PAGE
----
Here's how it goes. The earth is orbiting the sun at about 67,000 mph. That's Mach 88 (and somehow, we're not even dizzy; think about that for a minute). And it gets more amazing. Do an internet search for the phrase "galactic year." Here's a summary of what you'll find. Scientists are now telling us that the sun is orbiting the center of the Milky Way at a speed almost eight times faster than the earth is orbiting the sun—514,000 mph. That's Mach 675. And the sun is "running" this race so fast, with so much mass and force, that it is dragging along the planetary system with it in perfect step. It's like a cosmic dance near the speed of light. It's a race that's hard to imagine. But we're living in it every day, not even sweating most of the time.

There is so much symbolism in the sun. Genesis 1 records God creating it: "And God made the two great lights—the greater light to rule the day and the lesser light to rule the night—and the stars. And God set them in the expanse of the heavens to give light on the earth, to rule over the day and over the night, and to separate the light from the darkness" (vv. 16-18). The sun is a servant-ruler. It rules the day. And in so doing it serves us by giving us light. Christ, the Son, is a servant-ruler. He is our King. But He comes not to be served, but to serve, and give His life as a ransom for many (Matt. 20:28).

As Jesus hung on the cross, paying the ransom for our sin, "there was darkness over the land" for about three hours (Mark 15:33). For light to shine on us, Jesus had to suffer in darkness. The glory of the Son of God had to be eclipsed by sin and the wrath of God so that we could appear in heaven "bright shining as the sun." On the cross, the sun set. In the resurrection a new morning dawned. We are living in that morning, knowing that Jesus shall reign where'er the sun doth it's successive journeys run.

The idea of solar orbit gives new dimension to how we imagine the reign of Christ. Abraham Kuyper said, "there is not a square inch in the whole domain of our human existence over which Christ, who is Sovereign over all, does not cry 'Mine!' But Christ's reign goes even beyond the realm of human existence. Jesus isn't simply going to reign in the orbit of the earth. The sun's orbit is far beyond that. It extends to every inch of the Milky Way. It all belongs to Christ. And Jesus, like the sun drags the planets, is dragging us along in this great race of life by His power, calling us to center our orbit around Him and hang on for the ride.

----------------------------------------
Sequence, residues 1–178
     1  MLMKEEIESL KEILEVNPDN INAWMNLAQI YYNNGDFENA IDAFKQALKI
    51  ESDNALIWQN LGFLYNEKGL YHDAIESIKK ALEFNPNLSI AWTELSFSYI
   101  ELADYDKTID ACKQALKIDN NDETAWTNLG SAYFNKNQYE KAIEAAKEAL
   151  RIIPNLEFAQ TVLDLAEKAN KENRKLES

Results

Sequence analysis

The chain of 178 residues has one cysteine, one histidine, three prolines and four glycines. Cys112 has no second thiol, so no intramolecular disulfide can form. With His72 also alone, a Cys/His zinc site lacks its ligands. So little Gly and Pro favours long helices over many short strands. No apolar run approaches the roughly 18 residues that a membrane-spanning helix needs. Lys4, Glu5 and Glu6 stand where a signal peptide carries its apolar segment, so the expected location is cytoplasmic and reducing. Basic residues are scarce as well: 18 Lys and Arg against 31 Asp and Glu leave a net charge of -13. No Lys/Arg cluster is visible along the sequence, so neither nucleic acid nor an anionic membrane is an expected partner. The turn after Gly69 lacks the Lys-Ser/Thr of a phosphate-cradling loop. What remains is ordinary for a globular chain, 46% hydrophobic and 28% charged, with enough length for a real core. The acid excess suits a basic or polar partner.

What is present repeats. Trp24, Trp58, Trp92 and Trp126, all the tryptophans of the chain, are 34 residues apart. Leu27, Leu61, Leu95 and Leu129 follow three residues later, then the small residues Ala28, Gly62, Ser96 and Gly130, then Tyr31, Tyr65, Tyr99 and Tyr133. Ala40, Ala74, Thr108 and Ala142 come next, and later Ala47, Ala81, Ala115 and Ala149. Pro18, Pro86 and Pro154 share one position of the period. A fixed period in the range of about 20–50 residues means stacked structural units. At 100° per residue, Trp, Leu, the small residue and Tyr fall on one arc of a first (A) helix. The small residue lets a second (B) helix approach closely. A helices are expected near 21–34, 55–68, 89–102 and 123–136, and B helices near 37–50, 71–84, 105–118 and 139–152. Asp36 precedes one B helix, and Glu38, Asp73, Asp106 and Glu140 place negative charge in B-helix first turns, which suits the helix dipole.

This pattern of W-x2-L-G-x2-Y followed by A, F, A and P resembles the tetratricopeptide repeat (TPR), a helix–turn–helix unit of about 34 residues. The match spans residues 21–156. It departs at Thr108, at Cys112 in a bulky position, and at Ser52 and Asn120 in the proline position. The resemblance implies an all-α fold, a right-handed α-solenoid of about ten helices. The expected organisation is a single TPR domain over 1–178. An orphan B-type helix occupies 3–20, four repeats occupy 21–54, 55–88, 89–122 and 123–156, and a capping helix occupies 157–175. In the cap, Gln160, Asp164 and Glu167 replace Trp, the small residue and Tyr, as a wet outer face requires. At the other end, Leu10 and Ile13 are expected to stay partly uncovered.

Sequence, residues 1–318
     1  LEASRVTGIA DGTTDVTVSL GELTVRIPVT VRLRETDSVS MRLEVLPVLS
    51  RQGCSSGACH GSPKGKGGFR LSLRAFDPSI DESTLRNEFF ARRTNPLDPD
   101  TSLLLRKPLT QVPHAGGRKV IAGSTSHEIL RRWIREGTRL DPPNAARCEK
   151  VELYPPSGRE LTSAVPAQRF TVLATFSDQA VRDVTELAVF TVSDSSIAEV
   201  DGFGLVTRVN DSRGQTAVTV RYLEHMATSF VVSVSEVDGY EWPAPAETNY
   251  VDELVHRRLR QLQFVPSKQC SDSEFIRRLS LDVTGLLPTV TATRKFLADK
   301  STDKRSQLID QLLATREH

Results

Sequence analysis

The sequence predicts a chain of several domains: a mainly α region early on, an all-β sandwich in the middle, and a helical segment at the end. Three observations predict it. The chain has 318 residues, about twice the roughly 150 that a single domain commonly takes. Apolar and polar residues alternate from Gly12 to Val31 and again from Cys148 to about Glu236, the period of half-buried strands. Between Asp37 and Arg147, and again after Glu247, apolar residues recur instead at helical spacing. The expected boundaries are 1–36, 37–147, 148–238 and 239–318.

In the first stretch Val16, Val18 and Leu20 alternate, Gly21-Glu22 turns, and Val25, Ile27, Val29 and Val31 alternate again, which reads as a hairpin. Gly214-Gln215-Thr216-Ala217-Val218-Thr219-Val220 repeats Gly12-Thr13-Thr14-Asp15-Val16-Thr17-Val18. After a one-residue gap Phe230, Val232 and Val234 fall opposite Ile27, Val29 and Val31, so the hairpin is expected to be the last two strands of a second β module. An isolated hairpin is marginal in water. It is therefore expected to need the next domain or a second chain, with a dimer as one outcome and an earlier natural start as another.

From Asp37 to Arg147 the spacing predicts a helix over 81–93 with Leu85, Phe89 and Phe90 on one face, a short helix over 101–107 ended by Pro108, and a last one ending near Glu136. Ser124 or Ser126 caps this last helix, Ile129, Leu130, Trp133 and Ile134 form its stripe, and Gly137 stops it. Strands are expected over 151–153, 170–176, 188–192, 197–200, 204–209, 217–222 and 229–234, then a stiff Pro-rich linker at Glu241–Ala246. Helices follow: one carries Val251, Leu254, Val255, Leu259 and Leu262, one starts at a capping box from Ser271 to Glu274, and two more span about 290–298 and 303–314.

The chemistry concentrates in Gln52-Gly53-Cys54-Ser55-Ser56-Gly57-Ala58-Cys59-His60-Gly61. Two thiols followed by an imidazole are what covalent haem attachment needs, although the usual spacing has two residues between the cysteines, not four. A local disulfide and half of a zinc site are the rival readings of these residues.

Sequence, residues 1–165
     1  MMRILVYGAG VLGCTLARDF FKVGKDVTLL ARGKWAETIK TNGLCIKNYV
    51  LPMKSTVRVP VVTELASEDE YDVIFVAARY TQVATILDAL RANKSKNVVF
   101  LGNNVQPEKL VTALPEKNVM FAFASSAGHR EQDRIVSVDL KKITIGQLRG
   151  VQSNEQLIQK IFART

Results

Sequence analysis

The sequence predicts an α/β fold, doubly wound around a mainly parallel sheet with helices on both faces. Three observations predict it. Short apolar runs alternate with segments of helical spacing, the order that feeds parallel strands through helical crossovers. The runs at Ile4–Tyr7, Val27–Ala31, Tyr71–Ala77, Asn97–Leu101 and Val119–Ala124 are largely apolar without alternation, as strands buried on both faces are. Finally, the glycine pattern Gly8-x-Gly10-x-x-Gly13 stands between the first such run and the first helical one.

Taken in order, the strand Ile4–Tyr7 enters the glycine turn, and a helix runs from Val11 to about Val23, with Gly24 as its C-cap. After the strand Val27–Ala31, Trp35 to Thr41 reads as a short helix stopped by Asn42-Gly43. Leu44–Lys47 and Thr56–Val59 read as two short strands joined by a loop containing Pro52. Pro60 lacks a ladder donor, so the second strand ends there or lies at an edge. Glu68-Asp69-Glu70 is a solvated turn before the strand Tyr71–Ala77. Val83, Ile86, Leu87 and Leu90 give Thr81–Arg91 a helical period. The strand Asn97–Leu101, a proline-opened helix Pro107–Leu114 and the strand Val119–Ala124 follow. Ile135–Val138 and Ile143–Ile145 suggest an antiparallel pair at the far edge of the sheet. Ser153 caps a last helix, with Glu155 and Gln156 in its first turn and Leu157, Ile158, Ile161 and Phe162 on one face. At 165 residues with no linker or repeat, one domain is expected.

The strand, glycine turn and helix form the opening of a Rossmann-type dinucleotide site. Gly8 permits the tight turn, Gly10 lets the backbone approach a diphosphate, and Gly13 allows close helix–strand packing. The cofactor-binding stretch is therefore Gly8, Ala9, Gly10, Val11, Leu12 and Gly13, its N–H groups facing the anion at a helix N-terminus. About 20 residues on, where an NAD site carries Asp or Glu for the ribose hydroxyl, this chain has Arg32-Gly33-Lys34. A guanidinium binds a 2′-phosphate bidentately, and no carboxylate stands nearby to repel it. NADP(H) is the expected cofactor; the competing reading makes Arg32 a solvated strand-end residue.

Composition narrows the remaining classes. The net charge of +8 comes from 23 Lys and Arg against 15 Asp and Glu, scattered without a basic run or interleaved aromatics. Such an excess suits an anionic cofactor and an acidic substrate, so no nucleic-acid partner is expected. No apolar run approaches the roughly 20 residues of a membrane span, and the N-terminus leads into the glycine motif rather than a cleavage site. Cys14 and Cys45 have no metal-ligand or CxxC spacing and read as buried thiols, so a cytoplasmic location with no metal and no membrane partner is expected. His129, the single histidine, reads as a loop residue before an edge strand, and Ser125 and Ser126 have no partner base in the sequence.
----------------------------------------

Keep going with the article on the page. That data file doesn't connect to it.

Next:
Like much of our nation during the pandemic and present social unrest, you may be feeling some turbulence right now. Life's a bumpy ride. But I'm glad we have Jesus hanging on to us. And I'm glad we're hanging on to each other. 

Posted by Heath Cross

The Christian Life is a Musical

Jim and I have both made the point that Psalms is God's hymn book. God gives His people a hymn book because He ordained for them to be a musical people.

When Adam first saw his new bride, his response (in the Hebrew text) is poetic: "This at last is bone of my bones and flesh of my flesh; she shall be called Woman, because she was taken out of Man" (Gen 2:23). This is essentially the first love song. Our bent for poetry is as old as creation.

When Israel crossed the Red Sea, they sang a hymn of triumph (Ex. 15). Throughout Hebrew history, it was a tradition to sing when God gave them victory. They also sang when they suffered defeat.

King David became the sweet psalmist of Israel. Imagine a king who is also your nation's most prominent singer-songwriter. He also ordained musicians and choirs to perform his songs.

King David point us to King Jesus, who also was, and is, a singer. In Psalm 18, David thanks God for causing him to triumph in battle. He writes, "For this I will praise you, O Lord, among the nations, and sing to Your name" (v. 49). The Apostle Paul says that Christ's victory over sin fulfilled the words of David "in order that the Gentiles might glorify God for His mercy. As it is written, 'Therefore I will praise You among the Gentiles, and sing to Your name'" (Rom. 15:9). Christ's suffering and death, according to Paul, was a love song of praise performed in front of the nations. It's fitting, therefore, that Christ's final moments with the disciples on the night in which He was betrayed involved singing a hymn (Matt. 26:30). And He quoted a psalm with one of His dying breaths (Mark 15:34).

Paul tells us that the Spirit-filled life produces music. Christians are to be constantly "addressing one another in psalms and hymns and spiritual songs, singing and making melody to the Lord with all your heart" (Eph. 5:19). Singing and making melody are different. Singing is self-explanatory. But the making of melody is to be done "with" or "in" the heart. He means that our hearts have to provide the melody for our words. God wants to pluck our heart strings, not just our vocal cords.

Music is one of the most important things we do as a church. And it's something we should carry into our homes and work. It's an act of obedience. It's also a way of addressing the world. A while back I heard a story of a famous actor who became a Christian because his housekeeper was constantly singing hymns. After hearing these songs over and over, and being somewhat annoyed by them, he asked her, "Why do you keep singing these songs?" This was an open door for her to share the gospel. And the gospel changed his life.

I tell my daughters that the life of a Christian should be like a musical—a song could break out at any moment—even when it feels ridiculous. And the gospel should be the soundtrack of our lives. 

I look forward to hearing your voices this coming Lord's Day.

Posted by Heath Cross